Following the rise of Vice President Kamala Harris—at a time when the nation is praising Historically Black College and University alumni and Black Greek organizations—it could serve well to create policies aimed at advancing opportunities for Black professionals and entrepreneurs of these institutions, beyond student loan forgiveness.
Mellody Hobson, the president and co-CEO of Ariel Investments, thinks policymakers and corporations are still approaching equity and business with antiquated strategies by continuing to focus solely on traditional sectors of labor.
Read More: HBCU athletes sue NCAA for ‘systemic racism’ in playoffs qualifications
Hobson contends the integration of equity in government contracting needs to evolve with the times to include Black professionals in the service industry that account for more than 68 percent of the United States’ gross domestic product.
The businesswoman values efforts to promote equity in traditional labor jobs like construction and manufacturing, but she sees the professional service industry as the next frontier for Black wealth and policymaking.
“That’s making sure that corporations are thinking about professional services, financial services, technology, etc. in terms of being inclusive in their buying practices, using minority owned firms,” said Hobson. “I’m talking lawyers, accountants, and business consultants because that’s what most young people who are graduating from college today [are].”
Hobson’s suggestion to shift the focus of equity in the labor force to greater access to government contracts for Black service professionals seems to fit the current agency of the Black community.
HBCUs make up just 3 percent of America’s colleges and universities, but they produce almost 20 percent of all African American graduates and account for 50 percent of black lawyers. Although the amount of Black professionals continues to increase, the ability for these capable individuals to grasp government contracts remains stagnant.
For New York City comptroller and candidate for mayor Scott Stringer, he says bringing Black professionals into the fold has been a priority for his administration. He said expanding such opportunities to people of color and minorities has been a focus of the New York City Employees’ Retirement System (NYCERS) Pension Fund.
To ensure the investment firms working with the pension fund reflect the diversity of the city, Stringer and trustees require firms to provide data on their company’s race and gender before going into partnership.
“It’s good economics. When you have diverse firms investing your money, the money performs well,” Stringer said.
As the NYCERS trustee board gained diverse membership, a greater emphasis on promoting equity through investments emerged. Henry Garrido, executive director of District Council 37, NYC’s largest municipal employees union and NYCERS trustee said the labor practices and companies’ impact on communities of color began to share priority with the investments’ rate of return.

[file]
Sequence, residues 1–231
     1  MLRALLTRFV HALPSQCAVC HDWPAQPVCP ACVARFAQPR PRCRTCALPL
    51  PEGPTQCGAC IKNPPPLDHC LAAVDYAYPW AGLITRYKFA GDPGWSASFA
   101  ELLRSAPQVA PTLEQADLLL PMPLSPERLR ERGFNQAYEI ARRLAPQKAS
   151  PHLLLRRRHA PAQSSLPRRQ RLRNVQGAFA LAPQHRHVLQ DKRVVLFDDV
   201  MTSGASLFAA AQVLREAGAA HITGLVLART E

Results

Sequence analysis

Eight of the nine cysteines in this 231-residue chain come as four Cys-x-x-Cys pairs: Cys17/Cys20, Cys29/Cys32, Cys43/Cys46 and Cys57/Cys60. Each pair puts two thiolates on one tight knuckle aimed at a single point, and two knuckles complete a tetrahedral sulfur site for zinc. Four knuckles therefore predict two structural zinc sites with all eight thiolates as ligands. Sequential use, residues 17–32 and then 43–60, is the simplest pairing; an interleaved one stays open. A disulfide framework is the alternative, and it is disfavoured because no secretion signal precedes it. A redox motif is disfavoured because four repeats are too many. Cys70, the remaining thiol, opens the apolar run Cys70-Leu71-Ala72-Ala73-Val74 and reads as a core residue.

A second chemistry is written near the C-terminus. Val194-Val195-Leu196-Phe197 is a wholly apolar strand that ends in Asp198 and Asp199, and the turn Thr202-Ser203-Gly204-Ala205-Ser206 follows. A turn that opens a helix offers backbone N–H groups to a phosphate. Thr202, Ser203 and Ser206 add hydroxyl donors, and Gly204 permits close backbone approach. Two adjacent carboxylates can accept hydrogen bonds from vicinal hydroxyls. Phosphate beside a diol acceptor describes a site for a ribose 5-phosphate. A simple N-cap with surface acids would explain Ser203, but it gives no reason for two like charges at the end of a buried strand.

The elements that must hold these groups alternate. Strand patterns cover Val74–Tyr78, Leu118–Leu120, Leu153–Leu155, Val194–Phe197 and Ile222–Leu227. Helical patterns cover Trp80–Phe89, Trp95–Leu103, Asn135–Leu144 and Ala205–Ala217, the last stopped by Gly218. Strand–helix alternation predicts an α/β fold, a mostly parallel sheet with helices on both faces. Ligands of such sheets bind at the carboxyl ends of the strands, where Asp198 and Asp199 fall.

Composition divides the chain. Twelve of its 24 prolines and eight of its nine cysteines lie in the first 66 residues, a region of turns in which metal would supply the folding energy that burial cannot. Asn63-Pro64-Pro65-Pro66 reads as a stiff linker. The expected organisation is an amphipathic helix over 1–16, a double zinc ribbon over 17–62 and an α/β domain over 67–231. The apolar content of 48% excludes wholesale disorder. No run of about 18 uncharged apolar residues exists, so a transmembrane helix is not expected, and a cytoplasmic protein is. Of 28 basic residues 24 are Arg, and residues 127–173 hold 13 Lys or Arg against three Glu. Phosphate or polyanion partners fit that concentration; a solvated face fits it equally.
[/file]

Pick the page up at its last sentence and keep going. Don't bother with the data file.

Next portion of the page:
“When we set our investment philosophy, we look at the parts that are social-environmental governance principles,” said Garrido.
The pension fund’s inclusion of Black financial advisors and consultants exemplifies the efforts Hobson seeks to see applied on a national level as a tool to close the wealth gap. Not only did the city partner with Black financial advisors, it learned how to make profitable investments that aided communities of color in the process.
“There’s enough Black political power now,” said Jumaane Williams, New York City public advocate and a NYCERS trustee. “We should be demanding things and making sure that contracts don’t go through unless those demands are met.”
If elected mayor, Stringer plans to govern New York City with a holistic approach based on the success he’s had with diversifying the pension fund, and promoting equity in city contracts will be at the core of his policies.
Read More: How Black Bank Fund is fighting to build Black wealth
“The tools I have employed as comptroller have worked in my office and in other offices. It’s just having the political will,” said Stringer. “The more diverse companies we have doing procurement work, the more we create wealth in all of our neighborhoods and then we get to lift up everybody.”
Trustees of the NYCERS pension fund are continuing to integrate equity into their investment decision making. Both Willams and Garrido view the objectives as intertwining goals that benefit all stakeholders.
“We have the ability to put brand new systems in place across the board,” said Williams. “There has to be an intentional effort to do this.”
Jessica A. Floyd is a political producer and correspondent for – whose reporting has been featured on HuffPost, POLITICO, CNBC, Federal Times, EBONY and several other national news outlets. Her focus has been national domestic policy and the intersection of race and politics.
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